22 July 2020
The childhood TB Team at the Medical Research Council Unit The Gambia at the London School of Hygiene & Tropical Medicine has discovered a novel 3-biomarker signature in blood that distinguished TB disease from other respiratory diseases in Gambian children, in new research published in The Lancet journal, EBioMedicine.
Strides to achieve the targets of the third Sustainable Development Goal (SDG-3) and World Health Organization’s (WHO) End TB Strategy are threatened by the difficulty with diagnosis of tuberculosis (TB) in children, especially in low- and middle-income countries (LMICs)
Diagnosis of TB in children is particularly challenging because of the difficulty in obtaining good quality sputum samples, and because routine microbiological tests are frequently negative in a large proportion of children with TB disease, even in the era of Xpert Ultra assay. It is now internationally recognised that a sensitive and specific non-sputum-based test would represent a game-changer for the diagnosis of TB in children.
Researchers at the MRC Unit The Gambia at LSHTM collected small blood samples of children who had been exposed to an adult with TB in their household, and had themselves developed symptoms suggestive of TB disease, for analysis in the laboratories at the Unit. Using unique analytical approaches, the researchers identified a combination of three protein markers in these blood samples that were associated with TB disease in children, and best distinguished children with TB disease from those with other related respiratory infections but not TB, regardless of their age group and nutritional status.
Dr. Toyin Togun, lead author of the publication and Assistant Professor at the LSHTM said, “Differentiating TB from other respiratory infections in children presenting with symptoms and signs that are not specific for TB is, perhaps, the most difficult challenge confronting healthcare workers in TB endemic countries, given the need for timely initiation of appropriate antibiotic therapies. The new biosignature is very promising in this regard, and the fact that we saw it in blood samples that did not need any particular stimulation suggests that it could potentially be measured in finger-prick blood samples without the need for much laboratory support.”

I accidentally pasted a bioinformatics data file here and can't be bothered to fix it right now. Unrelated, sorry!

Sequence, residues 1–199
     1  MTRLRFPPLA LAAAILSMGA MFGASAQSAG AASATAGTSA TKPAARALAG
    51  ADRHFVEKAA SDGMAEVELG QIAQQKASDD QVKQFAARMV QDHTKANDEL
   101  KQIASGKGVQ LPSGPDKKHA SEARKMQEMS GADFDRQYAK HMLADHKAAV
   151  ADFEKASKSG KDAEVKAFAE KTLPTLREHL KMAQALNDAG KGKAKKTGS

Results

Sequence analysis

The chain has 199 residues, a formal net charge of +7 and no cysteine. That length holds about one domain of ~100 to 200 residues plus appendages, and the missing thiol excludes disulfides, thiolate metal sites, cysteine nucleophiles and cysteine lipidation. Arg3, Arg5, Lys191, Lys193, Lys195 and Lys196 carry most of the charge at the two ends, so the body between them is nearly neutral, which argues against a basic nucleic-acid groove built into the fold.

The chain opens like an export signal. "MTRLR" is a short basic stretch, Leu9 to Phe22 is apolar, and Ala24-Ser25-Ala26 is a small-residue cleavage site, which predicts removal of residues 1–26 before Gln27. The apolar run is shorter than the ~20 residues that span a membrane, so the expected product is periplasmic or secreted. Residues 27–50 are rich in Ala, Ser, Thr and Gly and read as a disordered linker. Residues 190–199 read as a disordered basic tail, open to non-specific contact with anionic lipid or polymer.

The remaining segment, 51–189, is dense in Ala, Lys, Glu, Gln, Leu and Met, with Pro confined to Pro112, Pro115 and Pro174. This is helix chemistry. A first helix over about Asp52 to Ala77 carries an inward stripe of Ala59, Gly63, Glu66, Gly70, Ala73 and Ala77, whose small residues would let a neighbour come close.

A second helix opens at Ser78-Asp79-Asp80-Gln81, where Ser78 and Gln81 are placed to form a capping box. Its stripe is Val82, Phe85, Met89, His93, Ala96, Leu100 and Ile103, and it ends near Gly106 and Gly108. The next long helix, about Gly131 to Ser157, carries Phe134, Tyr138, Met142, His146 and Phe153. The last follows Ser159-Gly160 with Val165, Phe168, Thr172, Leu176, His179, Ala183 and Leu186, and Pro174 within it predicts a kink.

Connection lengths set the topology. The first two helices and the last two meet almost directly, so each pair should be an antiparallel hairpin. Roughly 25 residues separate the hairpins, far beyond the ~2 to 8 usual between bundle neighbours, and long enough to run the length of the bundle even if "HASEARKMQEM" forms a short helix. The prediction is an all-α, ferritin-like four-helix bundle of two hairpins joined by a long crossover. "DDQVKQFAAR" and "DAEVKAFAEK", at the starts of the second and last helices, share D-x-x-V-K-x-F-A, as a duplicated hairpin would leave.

Professor Beate Kampmann, Theme Leader for the Vaccines & Immunity Theme at the MRC Unit The Gambia at LSHTM and senior author on the publication said, “This work has brought us a step closer to finding a solution to the problems of distinguishing TB from other respiratory diseases in children. These can look very similar when they present in the clinic, but the treatment is totally different, and more than 200,000 children still die from this treatable lung disease each year worldwide because the diagnosis is missed. Whilst we still have a way to go to validate this unique signature which we have also been able to patent, our methods are amenable to developing a test that can be used in the reality of clinical care. I would like to particularly acknowledge the contribution of the childhood TB team who have been working with the sick children and their families to enable this research.”
The study is one of the outputs from Dr. Toyin Togun’s doctoral and postdoctoral research in childhood TB diagnosis at the MRC Unit The Gambia at LSHTM and McGill University in Canada, respectively. The research was principally funded by a UK Medical Research Council (MRC) Programme Grant awarded to Professor Beate Kampmann under the MRC/DFID Concordat agreement, while Dr. Togun also received additional funding support through a Steinberg Fellowship in Global Health at McGill University and a Grand Challenges Canada (GCC) grant award.